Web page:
A federal statute provides that a court may freeze before trial certain assets belonging to a criminal defendant accused of violations of federal health care or banking laws. See 18 U. S. C. §1345. Those assets include: (1) property "obtained as a result of " the crime, (2) property "traceable" to the crime, and (3) other "property of equivalent value." §1345(a)(2). In this case, the Government has obtained a court order that freezes assets belonging to the third category of property, namely, property that is untainted by the crime, and that belongs fully to the defendant. That order, the defendant says, prevents her from paying her lawyer. She claims that insofar as it does so, it violates her Sixth Amendment "right . . . to have the Assistance of Counsel for [her] defence." We agree.
Justice Thomas concurred in this result, making the decision 5-3.
...are engaged in their own, ummmmm, zealous work, as explained in this WSJ Law Blog story concerning prominent criminal defense attorney Robert Simels:

The U.S. 2nd Circuit Court of Appeals upheld Simels' 2009 convictions on attempted obstruction of justice and bribery, and the 14-year-prison sentence given to him by U.S. District Judge John Gleeson in Brooklyn, but vacated his conviction on two counts relating to importation and possession of electronic surveillance equipment.

Simels' lawyers didn't respond to requests for comment. A spokesman for federal prosecutors in Brooklyn said they were still reviewing the decision and would not comment.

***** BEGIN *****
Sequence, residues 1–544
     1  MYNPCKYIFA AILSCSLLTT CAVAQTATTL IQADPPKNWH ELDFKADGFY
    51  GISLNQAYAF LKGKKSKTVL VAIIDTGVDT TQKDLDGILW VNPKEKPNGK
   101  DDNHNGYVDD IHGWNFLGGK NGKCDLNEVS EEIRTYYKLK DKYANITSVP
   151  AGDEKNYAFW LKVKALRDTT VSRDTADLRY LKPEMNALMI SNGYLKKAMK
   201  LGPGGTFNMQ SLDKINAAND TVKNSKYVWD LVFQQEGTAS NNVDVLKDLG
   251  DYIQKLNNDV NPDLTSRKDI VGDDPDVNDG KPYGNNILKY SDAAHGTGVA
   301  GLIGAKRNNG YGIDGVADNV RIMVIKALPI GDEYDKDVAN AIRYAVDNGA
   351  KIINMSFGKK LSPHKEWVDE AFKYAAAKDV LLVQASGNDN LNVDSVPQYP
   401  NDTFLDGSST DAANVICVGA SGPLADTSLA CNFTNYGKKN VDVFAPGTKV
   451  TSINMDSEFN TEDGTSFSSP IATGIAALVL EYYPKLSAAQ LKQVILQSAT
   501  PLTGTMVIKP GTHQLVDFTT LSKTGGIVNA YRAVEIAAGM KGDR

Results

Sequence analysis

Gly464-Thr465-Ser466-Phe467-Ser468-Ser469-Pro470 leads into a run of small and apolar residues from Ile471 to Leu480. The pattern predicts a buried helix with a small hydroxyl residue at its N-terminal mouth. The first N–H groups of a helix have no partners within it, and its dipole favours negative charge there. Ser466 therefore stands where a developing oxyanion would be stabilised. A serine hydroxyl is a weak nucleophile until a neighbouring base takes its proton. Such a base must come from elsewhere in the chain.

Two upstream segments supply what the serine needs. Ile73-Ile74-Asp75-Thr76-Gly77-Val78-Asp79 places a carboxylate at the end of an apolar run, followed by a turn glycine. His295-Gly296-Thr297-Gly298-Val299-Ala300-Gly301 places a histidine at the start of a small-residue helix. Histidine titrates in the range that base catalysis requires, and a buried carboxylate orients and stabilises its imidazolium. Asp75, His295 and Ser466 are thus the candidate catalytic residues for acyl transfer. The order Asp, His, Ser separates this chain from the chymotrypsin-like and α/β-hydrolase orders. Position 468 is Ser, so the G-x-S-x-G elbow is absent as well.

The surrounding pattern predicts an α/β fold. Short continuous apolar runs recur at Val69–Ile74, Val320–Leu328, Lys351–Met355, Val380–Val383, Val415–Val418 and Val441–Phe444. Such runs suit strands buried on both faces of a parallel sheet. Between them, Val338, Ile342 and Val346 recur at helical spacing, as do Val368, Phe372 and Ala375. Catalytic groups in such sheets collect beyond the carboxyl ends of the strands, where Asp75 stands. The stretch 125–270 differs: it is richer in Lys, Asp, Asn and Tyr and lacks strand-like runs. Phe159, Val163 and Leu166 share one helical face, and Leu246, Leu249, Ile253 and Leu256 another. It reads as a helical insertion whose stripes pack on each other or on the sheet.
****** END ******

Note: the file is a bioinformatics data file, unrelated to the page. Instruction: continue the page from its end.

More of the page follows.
Simels...was convicted in connection with an attempt to tamper with a witness against his client Shaheed Khan, a cocaine trafficker from Guyana who ultimately pleaded guilty to charges in the U.S. Prosecutors in Brooklyn made a case against Simels, who was retained by Khan for $1.4 million, in part with help from a federal informant connected to the drug trafficker, who taped meetings with the attorney.


There are two points to be remembered from this story.  One is the criminal defense bar is not the uniformly pristine, Knight-on-a-White-Horse, Constitution-shielding sentinel its PR machine portrays.  There are bad actors among defense lawyers, just as there are among Brady-hiding prosecutors and gun-happy cops.  Every profession has its bad apples, and defense lawyers, notwithstanding their gentle treatment in the press, are right in there with everyone else.  It's just more popular, and politically more rewarding, to bash cops and prosecutors, which is why it gets done more often and more loudly.  By contrast, no one ever got a piece in Salon, or tenure for that matter, doing a dissertation about the wonderfulness of cops.